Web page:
By the way, Radsliff’s bio on the Presto Web site includes a great quote to close my column as we think about developing new products and services. “Peter focuses on developing products that have a deep connection with their users—crafting and communicating each product’s unique and compelling story.”

Tuesday, November 11, 2008

"Obama Elected" newspapers sell out -- the exception that makes the rule?

An interesting sidebar story related the American presidential election a week ago has been the "run" on newspapers featuring the front page announcing the historic outcome. Long lines to buy papers, reprints, and special newspaper editions, have all been well documented. (For an example, see The LA Times, "Extra! Extra! Barack Obama's election win sends newspaper sales soaring".)

While this blog's primary focus is printing in the home and office, from time to time we can't help exploring the overall future of the printed page, including that venerable societal institution, the newspaper.

And while the biggest sales day for papers in a long time is an interesting, and even poignant story, it may also provide insight in why the printed page still satisfies certain "fundamental user needs", in marketing parlance. Snippets from the news reporting on the sales surge quotes buyers as seeking something that documents the election in a permanent, "official" format. From the Times piece:

"I think there is an authority and finality, a sort of last word that comes from the printed edition of the newspaper," said Steve Hills, president and general manager of Washington Post Media.

At the same time, with the majority of today's current news, which is much more fleeting and ever-changing, is probably more appropriately delivered in electronic form. To use another example from late 2008, who needs/wants an ink-and-paper stock table from any given closing market day? (And that's even assuming the markets actually close!)

The economy and Managed Print Services

As the not-so-recently-appointed editor of the Printer Industry News blog (see "Printer industry blogging activities expanding"), I'm excited to point readers of Jim Lyons Observations to a timely new weigh-in opportunity we've launched. Industry members (OEMs, resellers, IT Managers, end-users, and others) are invited to take a short survey on how the future of MPS might or might not be affected by the current economic maelstrom the world is currently experiencing. (The closed-ended portion of the survey is intended for MPS implementers, but the final free-form question is open to members from all of the groups mentioned in the previous sentence.)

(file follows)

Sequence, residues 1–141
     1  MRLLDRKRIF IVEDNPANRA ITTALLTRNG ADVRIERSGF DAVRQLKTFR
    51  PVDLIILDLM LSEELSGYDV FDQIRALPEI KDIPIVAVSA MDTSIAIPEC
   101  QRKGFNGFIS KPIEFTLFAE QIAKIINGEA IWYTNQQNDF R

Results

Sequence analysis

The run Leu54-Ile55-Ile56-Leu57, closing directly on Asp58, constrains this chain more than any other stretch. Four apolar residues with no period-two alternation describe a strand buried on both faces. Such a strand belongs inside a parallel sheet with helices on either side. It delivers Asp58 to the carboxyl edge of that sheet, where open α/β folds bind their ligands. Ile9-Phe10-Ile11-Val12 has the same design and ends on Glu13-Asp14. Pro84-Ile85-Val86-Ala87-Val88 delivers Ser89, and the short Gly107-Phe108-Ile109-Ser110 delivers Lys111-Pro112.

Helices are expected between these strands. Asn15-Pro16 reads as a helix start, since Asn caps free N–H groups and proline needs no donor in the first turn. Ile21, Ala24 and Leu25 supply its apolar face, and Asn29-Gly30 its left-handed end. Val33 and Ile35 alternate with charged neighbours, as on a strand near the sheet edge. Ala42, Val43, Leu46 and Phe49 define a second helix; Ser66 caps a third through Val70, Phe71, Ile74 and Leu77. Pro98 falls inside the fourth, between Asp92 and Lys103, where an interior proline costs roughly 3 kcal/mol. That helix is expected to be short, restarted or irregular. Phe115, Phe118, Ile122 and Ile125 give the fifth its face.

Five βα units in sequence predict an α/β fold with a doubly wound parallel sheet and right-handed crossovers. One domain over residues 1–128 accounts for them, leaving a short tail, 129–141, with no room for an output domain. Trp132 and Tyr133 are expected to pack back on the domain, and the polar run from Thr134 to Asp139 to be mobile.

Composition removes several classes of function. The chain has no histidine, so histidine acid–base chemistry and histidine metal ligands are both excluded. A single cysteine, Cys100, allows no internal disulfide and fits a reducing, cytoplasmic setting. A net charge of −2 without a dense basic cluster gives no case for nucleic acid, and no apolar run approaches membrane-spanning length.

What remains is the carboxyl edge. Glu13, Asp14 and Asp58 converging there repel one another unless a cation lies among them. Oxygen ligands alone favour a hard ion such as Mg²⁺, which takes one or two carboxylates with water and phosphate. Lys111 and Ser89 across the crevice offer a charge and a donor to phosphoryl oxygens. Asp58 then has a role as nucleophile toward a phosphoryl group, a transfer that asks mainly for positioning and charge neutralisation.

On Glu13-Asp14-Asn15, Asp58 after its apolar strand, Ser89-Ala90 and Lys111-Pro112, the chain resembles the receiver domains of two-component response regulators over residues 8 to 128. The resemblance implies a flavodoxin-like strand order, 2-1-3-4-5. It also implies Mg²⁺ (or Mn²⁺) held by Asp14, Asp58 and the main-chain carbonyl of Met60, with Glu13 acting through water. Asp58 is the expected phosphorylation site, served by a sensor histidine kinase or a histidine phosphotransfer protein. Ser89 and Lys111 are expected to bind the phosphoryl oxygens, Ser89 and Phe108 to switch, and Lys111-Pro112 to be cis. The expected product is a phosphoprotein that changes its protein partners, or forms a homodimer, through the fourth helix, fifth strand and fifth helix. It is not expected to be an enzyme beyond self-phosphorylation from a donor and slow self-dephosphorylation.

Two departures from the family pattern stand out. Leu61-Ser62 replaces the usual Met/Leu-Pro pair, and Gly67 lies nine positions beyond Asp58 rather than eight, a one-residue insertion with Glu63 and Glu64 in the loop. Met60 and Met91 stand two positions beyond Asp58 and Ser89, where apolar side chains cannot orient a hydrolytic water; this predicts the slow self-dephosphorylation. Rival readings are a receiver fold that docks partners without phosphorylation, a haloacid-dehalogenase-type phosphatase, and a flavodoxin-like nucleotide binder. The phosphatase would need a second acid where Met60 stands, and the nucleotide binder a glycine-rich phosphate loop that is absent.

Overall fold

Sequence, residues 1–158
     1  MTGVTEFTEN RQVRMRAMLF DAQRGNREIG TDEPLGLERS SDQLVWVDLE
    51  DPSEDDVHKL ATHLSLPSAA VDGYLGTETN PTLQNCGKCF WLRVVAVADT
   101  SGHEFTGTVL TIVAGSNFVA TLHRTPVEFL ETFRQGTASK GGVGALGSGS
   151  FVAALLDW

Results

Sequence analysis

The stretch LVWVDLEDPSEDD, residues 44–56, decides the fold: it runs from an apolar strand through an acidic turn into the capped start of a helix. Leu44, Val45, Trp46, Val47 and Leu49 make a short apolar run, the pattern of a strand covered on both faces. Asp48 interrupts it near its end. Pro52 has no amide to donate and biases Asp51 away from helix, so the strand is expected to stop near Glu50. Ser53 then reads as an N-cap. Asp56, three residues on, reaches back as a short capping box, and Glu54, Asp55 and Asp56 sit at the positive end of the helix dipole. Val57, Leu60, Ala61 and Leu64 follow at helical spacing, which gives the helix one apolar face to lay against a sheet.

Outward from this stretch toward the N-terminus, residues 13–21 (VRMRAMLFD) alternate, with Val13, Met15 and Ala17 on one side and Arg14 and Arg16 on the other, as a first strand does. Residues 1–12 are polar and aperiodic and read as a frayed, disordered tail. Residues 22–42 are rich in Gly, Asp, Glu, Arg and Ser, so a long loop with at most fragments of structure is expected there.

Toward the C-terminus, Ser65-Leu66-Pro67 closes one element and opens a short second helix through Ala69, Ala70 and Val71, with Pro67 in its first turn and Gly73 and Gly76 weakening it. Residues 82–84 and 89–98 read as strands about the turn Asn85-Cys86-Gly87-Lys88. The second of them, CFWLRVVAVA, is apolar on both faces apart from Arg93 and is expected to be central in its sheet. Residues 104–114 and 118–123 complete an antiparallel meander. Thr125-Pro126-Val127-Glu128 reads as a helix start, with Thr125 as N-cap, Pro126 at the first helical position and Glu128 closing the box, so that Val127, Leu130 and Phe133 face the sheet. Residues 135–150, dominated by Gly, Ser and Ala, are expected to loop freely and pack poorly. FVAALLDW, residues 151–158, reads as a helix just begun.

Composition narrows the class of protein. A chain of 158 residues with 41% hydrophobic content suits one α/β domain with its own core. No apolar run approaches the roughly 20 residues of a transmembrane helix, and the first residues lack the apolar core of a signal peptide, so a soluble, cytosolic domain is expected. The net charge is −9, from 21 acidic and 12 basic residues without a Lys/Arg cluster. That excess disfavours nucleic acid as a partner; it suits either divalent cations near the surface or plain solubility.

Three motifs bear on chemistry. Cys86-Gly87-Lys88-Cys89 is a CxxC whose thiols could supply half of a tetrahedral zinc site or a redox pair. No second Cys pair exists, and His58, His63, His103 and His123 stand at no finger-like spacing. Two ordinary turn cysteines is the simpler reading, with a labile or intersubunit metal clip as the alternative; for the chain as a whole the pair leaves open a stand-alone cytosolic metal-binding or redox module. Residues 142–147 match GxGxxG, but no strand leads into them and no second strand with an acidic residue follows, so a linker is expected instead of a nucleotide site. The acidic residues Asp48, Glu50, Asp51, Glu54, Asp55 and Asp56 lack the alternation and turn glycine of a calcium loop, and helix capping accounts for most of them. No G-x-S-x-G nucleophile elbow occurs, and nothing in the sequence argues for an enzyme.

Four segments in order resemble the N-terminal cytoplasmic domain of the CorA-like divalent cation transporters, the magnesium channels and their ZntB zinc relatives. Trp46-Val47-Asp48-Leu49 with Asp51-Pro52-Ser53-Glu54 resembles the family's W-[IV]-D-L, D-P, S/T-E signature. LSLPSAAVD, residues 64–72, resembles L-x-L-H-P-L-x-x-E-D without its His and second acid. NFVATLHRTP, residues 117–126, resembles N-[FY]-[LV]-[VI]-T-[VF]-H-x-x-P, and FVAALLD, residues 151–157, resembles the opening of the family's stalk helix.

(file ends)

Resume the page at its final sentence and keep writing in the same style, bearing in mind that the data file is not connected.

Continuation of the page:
Start by reading the post ("Economy's Impact on Managed Print Services -- We ask you!") and then link to our five-question survey. We'd appreciate your inputs!

And thanks to fellow blogger Greg Walters at "The Death of the Copier" for posting a link to the survey, too. And from the "Great Minds..." department, Greg's also hosting a LinkedIn discussion on the same topic.

Monday, November 10, 2008

Amazon (NASDAQ AMZN), GreenPrint, HP (NYSE HPQ) Green Announcements

A few green-related announcements have come my way over the last few days and are worth noting here.

First, Amazon (NASDAQ AMZN), while not strictly a printing and imaging company, had the courage to announce a major business story last week during the flood of attention on the US Presidential Election and its immediate aftermath. The release (see "Amazon Announces Beginning of Multi-Year Frustration-Free Packaging Initiative") points out the multiple objectives the company has in mind, both reducing user frustration with hard-to-open packaging as well as a reduction in packaging waste. See my separate post, "When is getting more than you expected a bad thing?".

Second, and also last week, GreenPrint announced the long-awaited Mac version of their print management software. The Windows-based software has been mentioned at this blog many times, and the Mac companion is a welcome addition to the market. I like seeing they're positioning the "one click PDF" creation as a key feature of the software, and also that the company is continuing to use as the information storehouse for their releases.

And third and last, HP (NYSE HPQ) is out with another of their seemingly steady stream (say that three times) of printer- and supplies-related Green announcements this morning. After covering numerous HP "Green" initiative announcements, I'd say this one, "HP Adds to Customer Convenience, Boosts Efficiency with Recycling Program Expansion", hits on consistent themes. HP and Staples (NASDAQ SPLS) will be joining forces, with HP's usual individual send-back program for toner and ink cartridges now accessible via favorite reseller Staples and a simple walk-in and drop-off process. And with more emphasis on this process, HP will eliminate the inclusion of in-box return envelopes, at least on the ink side. Kudos to HP for seeing the big picture, and finding ways to live the "reduce, reuse, recylce" credo. For example: